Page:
You recently traveled to the Solomon Islands with Tomás and a group of researchers. What were some of the goals of that trip, and what was a typical day? (Or an atypical day?)

I experienced less than an hour of August 7th before passing the international dateline, east to west. The plane crossed into the Southern Hemisphere about an hour before, so I am not sure if that equals Aug. 6, 7, or 8th, but we had all gathered by the 9th, welcomed kindly in the Solomons.

Kindness was a continuity extending out to the Dardanella at sea. The Dardanella is TBA21 Academy’s research vessel; it travels the oceans, hosting artists and scientists, experimenting with interdisciplinary models and ecologic outreach. Many people convened there in August 2015, from west to east, to develop the Aerocene. We did launch (and pursue by boat) a solar sculpture made by Tomas for the event. It was my first time working with a solar balloon; I have helped construct inflatables on land but never with liftoff in mind.  The timing of the launch was dictated by the local weather at this latitude of 8.25°S.

The Solomon Islands have four seasons, two rainy and two dry, exceptional to many tropical locations. Solomon Islanders had experienced an out-of-season cyclone not long before we joined them in August 2015.  We kept a close eye on the forecast—we wanted good weather for our solar balloon’s release.

The sea environment presented a set of challenges for these early Aerocene prototypes; the coolest mornings were good for launch because the atmosphere was quiet and there was no convection in sight. However, mornings were the time of day with the most dew from the persistent humidity. The first sculpture of biodegradable material became quick muck with contact moisture and the growing heat of its interior air; we decided to launch the other in a tethered flight, but it broke free one beautiful morning, in an inlet at Kukudu. I felt rewarded when I saw it flying in the sky….

What part of the Aerocene project did you work on at MIT? What did you/EAPS contribute to the exhibition at COP21?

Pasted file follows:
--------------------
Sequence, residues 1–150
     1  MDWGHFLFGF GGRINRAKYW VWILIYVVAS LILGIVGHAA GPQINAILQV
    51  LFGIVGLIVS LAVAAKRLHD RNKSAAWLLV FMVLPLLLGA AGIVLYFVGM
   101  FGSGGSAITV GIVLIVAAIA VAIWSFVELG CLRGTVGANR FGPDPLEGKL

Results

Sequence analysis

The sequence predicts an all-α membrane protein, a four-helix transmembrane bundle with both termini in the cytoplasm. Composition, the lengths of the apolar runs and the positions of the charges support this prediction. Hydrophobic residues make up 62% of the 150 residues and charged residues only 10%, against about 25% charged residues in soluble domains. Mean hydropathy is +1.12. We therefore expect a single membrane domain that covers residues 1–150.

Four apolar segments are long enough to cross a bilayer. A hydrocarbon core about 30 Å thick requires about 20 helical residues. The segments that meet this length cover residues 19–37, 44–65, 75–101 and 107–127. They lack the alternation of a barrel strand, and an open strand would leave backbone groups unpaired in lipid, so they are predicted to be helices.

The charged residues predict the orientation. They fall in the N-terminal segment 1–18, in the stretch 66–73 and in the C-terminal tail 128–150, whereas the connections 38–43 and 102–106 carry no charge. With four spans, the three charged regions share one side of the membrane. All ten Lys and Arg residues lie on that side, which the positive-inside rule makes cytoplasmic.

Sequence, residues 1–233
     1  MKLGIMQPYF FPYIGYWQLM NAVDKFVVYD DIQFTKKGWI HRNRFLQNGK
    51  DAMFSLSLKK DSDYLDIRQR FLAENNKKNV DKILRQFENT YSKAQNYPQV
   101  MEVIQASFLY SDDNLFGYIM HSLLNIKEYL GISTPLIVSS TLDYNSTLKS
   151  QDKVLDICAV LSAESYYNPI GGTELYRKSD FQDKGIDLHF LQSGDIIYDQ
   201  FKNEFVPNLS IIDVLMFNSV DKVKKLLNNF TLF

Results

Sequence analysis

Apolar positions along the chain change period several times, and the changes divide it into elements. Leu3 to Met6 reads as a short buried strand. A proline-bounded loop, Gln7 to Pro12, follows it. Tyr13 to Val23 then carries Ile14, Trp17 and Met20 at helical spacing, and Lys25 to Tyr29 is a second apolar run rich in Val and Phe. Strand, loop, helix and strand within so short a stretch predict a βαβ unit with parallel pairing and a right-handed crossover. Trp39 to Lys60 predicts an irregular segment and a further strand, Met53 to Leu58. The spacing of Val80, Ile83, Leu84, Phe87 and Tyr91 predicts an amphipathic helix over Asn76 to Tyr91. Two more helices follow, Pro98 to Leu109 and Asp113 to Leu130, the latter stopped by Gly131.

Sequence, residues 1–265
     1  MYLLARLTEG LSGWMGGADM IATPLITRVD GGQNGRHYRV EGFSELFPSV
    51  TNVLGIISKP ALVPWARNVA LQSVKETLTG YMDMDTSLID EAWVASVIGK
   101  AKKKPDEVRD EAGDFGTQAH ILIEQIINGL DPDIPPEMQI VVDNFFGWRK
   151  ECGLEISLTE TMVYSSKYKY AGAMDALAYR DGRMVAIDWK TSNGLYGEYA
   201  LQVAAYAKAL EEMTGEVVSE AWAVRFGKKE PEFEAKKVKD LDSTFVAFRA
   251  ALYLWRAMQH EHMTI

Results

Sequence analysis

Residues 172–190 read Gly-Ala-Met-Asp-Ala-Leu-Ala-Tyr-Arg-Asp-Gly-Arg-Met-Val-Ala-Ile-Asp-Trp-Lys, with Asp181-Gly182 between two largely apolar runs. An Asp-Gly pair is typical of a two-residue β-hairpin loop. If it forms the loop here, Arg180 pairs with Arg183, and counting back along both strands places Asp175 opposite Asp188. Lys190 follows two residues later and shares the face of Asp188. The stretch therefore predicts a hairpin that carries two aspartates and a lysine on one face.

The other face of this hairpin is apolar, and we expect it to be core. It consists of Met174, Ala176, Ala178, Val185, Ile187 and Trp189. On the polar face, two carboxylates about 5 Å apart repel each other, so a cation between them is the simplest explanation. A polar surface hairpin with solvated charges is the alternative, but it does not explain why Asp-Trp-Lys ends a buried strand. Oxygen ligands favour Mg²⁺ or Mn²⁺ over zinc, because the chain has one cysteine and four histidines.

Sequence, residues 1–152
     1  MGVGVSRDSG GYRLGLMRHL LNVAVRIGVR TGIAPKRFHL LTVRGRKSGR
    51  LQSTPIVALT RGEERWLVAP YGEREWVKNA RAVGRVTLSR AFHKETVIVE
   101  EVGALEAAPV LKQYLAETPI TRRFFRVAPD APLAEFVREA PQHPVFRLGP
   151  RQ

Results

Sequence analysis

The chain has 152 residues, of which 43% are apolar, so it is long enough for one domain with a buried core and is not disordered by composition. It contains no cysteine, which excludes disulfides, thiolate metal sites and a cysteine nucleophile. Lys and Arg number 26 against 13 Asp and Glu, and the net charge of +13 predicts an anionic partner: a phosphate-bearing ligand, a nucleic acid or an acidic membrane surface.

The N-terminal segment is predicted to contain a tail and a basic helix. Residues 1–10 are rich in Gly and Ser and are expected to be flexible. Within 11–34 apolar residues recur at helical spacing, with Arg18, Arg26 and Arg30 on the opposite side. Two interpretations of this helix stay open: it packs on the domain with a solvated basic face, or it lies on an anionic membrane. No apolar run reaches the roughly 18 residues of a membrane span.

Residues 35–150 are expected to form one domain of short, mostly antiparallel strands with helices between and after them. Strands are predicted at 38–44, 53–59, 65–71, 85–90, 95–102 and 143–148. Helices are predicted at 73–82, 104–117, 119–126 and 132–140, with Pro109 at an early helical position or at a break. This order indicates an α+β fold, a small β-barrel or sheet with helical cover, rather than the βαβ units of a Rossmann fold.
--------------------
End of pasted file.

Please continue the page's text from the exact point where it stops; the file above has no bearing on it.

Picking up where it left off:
I synthesized flight data from the Montgolfier Infrarouge (MIR) from CNES with analyses of the atmosphere. The daily up and down variations of the craft across pressure levels presented new challenges. The highest altitude, lowest pressure observation points actually fell outside the datasets I was familiar. I was forced to think about an unfamiliar environment, far into the levels of the stratosphere.

Coincidently, William Randel from UCAR gave a lecture series at MIT [Houghton, summer 2015] on stratospheric dynamics and provided the scaffolding to expand my bounding box. His overview of the general circulation enriched my picture of upper troposphere, lower stratosphere interactions, where the ozone chemistry is important.

Thanks to an NSF Frontiers in Earth Science Dynamics project, led by Professor John Marshall, I began to look into the ozone hole through time—first looking at the seasonal variations in the Antarctic before widespread aerosol usage, then around the time aerosols and hydrofluorocarbons were regulated by policy with the 1997 Kyoto Protocol, and finally, years after resulting mitigations. As ozone depletion impacts air circulations, air circulations in turn change ocean currents.